michaelDoulong

Freshman defensive back Michael Duolong recorded a pick-six for Penn in the game's closing minutes, but it wasn't enough to bring the Quakers back.

Photo: Ilana Wurman

What could go wrong, did go wrong for most of Penn sprint football's game this weekend. 

Penalties, turnovers and a missed field goal were a few of the many miscues that doomed Penn in a 24-14 defeat at home against Army.

The vaunted Black Knights' defense proved nearly impenetrable for the Quakers (2-1, 2-0 CSFL South) who scraped together a meager 125 yards of total offense. Sophomore quarterback Eddie Jenkins was often either under duress or unable to find receivers open down the field. On the night, Jenkins was only 12 of 33 for 157 yards with one touchdown and an interception through the air.

When his receivers got open, they failed to help their young quarterback, totaling three drops in the first half—two from sophomore tight end Billy Murphy and one from senior wide receiver Marcus Jones.

By the end of the first half, Penn was down 17-0. An offense that usually relies heavily on its run game put up only five rushing yards the entire first half.

“We did nothing as an offense to begin the game. The defense kept us in there,” Jenkins reflected. “We shot ourselves in the foot more than a couple times.”

In particular, the offense failed to put themselves in reasonable third down situations.

“Instead of being second and five, third and four we found ourselves in 2nd & 15 ’s, 3rd & 20’s,” Jenkins said. “It’s a lot harder to move the ball when you get in those situations.”

Conversely, the defense was the only thing keeping Penn in the game. One of the unit’s biggest moments of the first half came after a Jenkins fumble led to an Army recovery at Penn’s own three-yard line.  

At this point, Army (3-0, 2-0 CSFL North) was up 7-0 with 9:52 left in the second quarter on the verge of making it a two-touchdown game. However, Penn had other plans, holding Army to a field goal after stuffing a run up the middle on third down.

“We had a lot of gut checks throughout the game,” freshman linebacker Connor Ashton said. “We just had to make big plays.”

On the Black Knights' next offensive possession after the made field goal, Army quarterback Keegan West found wide receiver Clayton Carter on a 54-yard bomb. 

An interception at the end of the first half by Ashton after a touchdown-saving shoestring tackle from junior defensive back Guesippe Bevacqua the play before kept the game from getting completely out of hand before the intermission. 

But throughout most of the second half, Penn continued to get in its own way. After the offense once again failed to move the chains, the Red and Blue were forced to punt near their own goal line. With less room to avoid the oncoming rush, punter Matt Caltabiano was powerless against a herd of Army defenders who swarmed him and recovered the ball in the end zone for a touchdown. At this point, Army had a seemingly insurmountable 24-0 lead.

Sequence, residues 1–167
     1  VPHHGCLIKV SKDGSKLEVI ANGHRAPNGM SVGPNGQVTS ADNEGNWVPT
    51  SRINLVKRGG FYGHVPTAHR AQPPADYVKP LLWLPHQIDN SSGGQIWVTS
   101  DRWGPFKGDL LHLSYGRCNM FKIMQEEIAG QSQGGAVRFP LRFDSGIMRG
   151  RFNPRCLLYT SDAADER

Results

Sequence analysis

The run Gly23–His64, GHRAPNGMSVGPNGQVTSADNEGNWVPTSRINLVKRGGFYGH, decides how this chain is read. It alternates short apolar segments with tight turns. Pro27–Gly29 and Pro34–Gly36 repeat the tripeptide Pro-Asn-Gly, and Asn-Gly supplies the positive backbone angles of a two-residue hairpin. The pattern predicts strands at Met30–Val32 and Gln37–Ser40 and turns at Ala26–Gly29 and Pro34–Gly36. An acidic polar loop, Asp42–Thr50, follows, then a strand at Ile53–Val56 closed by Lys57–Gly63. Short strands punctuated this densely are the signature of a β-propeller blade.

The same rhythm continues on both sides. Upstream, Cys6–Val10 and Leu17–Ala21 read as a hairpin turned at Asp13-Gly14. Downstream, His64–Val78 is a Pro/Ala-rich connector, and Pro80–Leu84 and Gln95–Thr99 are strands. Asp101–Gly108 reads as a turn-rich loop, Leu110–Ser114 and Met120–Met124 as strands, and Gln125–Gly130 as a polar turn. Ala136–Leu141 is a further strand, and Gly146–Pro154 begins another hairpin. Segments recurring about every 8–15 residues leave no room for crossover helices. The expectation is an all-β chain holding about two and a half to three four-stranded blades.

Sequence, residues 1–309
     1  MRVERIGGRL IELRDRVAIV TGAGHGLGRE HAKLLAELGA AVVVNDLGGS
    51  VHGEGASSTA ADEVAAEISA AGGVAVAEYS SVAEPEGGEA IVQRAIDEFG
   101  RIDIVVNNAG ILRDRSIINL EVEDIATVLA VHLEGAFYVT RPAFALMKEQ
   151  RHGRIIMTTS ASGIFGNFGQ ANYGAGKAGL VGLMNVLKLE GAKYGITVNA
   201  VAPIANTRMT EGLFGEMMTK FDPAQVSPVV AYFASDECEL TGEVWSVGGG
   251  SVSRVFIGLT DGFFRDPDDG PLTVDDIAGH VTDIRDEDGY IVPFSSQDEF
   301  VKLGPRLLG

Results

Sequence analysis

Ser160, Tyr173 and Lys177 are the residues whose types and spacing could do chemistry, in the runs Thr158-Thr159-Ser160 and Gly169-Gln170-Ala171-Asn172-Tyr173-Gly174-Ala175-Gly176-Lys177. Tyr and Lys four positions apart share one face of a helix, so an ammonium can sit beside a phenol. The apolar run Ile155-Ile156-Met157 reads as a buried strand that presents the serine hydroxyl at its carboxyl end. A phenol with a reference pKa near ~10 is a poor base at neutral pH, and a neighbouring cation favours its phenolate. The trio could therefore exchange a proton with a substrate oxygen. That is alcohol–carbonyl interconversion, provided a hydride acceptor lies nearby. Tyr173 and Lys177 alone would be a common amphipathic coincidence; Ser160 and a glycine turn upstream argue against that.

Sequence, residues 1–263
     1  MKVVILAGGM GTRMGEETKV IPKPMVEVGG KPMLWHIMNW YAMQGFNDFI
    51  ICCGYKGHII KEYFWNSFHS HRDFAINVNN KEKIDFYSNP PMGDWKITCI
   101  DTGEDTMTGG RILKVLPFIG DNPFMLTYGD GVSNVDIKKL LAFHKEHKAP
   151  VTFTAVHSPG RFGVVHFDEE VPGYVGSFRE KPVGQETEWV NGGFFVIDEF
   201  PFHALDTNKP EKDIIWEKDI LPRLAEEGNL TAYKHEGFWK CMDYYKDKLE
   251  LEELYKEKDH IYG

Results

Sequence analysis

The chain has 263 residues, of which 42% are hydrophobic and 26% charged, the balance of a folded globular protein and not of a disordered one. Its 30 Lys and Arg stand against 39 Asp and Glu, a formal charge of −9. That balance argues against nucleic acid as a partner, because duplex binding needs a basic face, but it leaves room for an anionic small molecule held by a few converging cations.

Following the botched punt, on Army’s next offensive possession, the Penn defense was finally able to force and recover a fumble. However, Jenkins gave it right back, fumbling for the second time within his own 10-yard line. After another incredible defensive stand, Penn forced a missed field goal.

From that point on, the Quakers' fortunes changed.

With 3:06 left in the game, freshman defensive back Michael Doulong gave Penn the spark it needed, returning a 65-yard interception for a touchdown. Following a failed quarterback draw by Jenkins, Penn found itself down 24-6.

Penn still needed more players to step up to have a shot at a comeback, and sophomore kicker Theodoros Papazekos (who is also a DP Sports staffer) was the man for the job.

On the ensuing onside kick attempt, he dribbled the kick until it shot up over the line of the Army onside recovery team and into the grasp of the Quakers. Jenkins later found senior wide receiver Aiden Kelly for a 17-yard touchdown, following that up with a two-point conversion to Jones. With 2:02 left, Penn found itself down only 24-14.

Once again, the Red and Blue needed another onside kick to keep the comeback alive. However, instead of going back to Papazekos, the coaching staff elected to have Papazekos fake the onside attempt and have freshman Benji Robinov attempt a pooch kick. Army recovered the kick, but Penn coach Bill Wagner defended the decision to not let Papazekos attempt the same onside kick that had worked the first time, insisting that the second play failed in execution and not in concept. 

Even after the failed onside kick from Robinov, Army gave Penn another chance after a botched snap on a punt attempt on fourth down led to a first and goal for Penn from the eight yard line, and a pass interference on a play intended for Jones led to a first and goal from the two yard line. But after three failed attempts to punch it in, Papazekos missed a chip shot field goal to seal Penn's fate and leave a remarkable comeback effort just a bit short. 

“We continued to play, we continued to go after them, we didn’t pack it in all the way up to the last play of the game,” Wagner said of his team's ferocious comeback. “We’ve got to protect the quarterback, we’ve got to block for the guy that’s carrying the ball and we didn’t do that. [But] I think our defense played extremely well.”

Looking forward, Penn’s season is not over. However, it will need to to win out in the regular season if it hopes to win the South Division and face Army, the probable North Division champion, in the Collegiate Sprint Football League championship.

For now though, Penn is worried about fixing its own issues, particularly on the offensive end, before it worries about repeating as CSFL champion. 

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